On Monday 8th February 1779 a hundred couples were married simultaneously in a single splendid ceremony at Notre-Dame. I first came across a reference to this event in a copy of the early 20th-century guide book by E.V. Lucas, A Wanderer in Paris. "Some very ugly events are in store for us;" we are told in the section on Notre-Dame, "let something pretty intervene". The original source is an even more mawkish French work by a certain Pauline de Grandpré. She paints a beautiful, romantic vision: a hundred brides and grooms, married at the behest of a beneficent royalty, in bright, candle-lit, flower strewn cathedral.
Somehow this is a past that never quite was.... I decided to investigate.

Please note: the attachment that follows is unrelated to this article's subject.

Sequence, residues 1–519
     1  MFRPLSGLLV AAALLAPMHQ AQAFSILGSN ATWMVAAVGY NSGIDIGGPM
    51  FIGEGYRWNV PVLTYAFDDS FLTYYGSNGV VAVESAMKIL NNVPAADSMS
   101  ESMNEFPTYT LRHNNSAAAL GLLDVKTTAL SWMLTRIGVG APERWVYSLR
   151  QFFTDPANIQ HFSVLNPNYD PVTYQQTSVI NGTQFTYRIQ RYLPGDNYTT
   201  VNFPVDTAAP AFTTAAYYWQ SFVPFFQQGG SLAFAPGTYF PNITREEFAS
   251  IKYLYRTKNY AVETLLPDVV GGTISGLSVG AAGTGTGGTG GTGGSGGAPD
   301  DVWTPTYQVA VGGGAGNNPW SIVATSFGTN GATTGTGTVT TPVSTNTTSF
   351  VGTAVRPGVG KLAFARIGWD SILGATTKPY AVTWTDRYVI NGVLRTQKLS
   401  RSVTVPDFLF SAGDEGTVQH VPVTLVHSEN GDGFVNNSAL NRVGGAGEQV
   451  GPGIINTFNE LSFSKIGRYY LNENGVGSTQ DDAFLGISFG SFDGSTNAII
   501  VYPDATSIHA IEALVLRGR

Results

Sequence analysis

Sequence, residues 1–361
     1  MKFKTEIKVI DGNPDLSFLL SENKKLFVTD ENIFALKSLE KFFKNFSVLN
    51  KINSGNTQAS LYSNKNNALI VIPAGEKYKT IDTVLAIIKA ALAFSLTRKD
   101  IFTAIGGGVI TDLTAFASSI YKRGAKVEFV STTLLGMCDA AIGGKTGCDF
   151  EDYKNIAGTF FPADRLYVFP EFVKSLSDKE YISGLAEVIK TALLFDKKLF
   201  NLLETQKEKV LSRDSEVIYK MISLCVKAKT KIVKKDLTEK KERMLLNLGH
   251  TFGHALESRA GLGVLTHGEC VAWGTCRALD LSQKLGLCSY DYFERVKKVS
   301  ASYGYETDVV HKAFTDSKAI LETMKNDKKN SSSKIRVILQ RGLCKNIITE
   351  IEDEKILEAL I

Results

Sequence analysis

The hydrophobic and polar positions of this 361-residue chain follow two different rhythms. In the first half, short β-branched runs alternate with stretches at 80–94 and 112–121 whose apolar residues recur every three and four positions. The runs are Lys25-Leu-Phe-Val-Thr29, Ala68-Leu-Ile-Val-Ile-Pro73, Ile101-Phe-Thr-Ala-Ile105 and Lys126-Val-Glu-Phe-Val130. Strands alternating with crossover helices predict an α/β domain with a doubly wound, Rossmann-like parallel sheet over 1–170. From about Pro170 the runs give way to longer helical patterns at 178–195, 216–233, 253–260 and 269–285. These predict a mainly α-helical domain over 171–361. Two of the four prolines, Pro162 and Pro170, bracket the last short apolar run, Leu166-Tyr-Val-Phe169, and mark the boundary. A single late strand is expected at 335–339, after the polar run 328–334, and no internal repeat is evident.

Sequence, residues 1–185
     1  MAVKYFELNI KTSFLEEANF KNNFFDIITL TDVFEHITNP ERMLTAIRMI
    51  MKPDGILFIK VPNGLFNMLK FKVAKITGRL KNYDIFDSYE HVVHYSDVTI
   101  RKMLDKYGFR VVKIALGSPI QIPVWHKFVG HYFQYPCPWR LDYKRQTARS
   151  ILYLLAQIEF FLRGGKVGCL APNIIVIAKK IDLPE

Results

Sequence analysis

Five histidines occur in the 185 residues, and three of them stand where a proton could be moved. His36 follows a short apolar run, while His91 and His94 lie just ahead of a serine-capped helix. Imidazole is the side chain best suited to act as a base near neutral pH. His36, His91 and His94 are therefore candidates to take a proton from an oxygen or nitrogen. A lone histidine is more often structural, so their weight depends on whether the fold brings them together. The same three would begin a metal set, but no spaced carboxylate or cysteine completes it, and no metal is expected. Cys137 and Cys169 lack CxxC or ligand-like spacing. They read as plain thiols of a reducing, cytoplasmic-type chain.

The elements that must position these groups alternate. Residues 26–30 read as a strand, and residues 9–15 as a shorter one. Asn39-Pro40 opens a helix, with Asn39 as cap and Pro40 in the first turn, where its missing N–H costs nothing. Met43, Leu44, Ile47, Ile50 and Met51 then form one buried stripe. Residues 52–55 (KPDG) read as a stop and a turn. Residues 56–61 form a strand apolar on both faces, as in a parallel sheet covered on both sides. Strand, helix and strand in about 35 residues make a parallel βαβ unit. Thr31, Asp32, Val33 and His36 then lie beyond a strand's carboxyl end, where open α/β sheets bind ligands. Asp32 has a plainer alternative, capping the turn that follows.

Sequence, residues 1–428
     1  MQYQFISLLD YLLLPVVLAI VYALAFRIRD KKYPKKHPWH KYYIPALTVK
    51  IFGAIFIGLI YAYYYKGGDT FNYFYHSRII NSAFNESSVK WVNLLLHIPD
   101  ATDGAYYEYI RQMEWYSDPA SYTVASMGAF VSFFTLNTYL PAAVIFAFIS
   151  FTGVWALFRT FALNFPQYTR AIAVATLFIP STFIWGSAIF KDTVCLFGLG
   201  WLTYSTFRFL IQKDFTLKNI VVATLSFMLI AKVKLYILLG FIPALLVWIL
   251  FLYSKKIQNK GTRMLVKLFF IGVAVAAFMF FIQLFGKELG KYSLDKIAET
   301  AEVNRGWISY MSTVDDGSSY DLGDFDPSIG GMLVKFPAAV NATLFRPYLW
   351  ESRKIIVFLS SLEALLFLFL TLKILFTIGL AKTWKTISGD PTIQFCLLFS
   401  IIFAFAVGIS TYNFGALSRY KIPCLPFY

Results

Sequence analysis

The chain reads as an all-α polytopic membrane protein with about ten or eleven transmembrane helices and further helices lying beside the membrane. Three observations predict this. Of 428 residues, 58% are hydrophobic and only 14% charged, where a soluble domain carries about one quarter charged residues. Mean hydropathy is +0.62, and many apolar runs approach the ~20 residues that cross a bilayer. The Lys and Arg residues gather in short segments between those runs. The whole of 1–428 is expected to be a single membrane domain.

|19th-century visions of the Royal Family. |
Imaginary scene by Charles Louis Lucien Muller (1857)
"The Queen was persuaded by the love for her show by the citizens, to reply with an act of benevolence which would particularly extend to the people".
Marie-Antoinette refused the celebrations offered to her by the municipality of Paris and asked instead that the money be employed to provide dowries for a hundred deserving poor girls, who would be married en masse on the day of the Royal thanksgiving service in Notre-Dame. Additional allowances were be paid when a first child was born, with a higher rate available for mothers who breastfed. As a further celebration of family life, an elderly couple would be chosen to renew their marriage vows in front of their "children, grandchildren and great-grandchildren".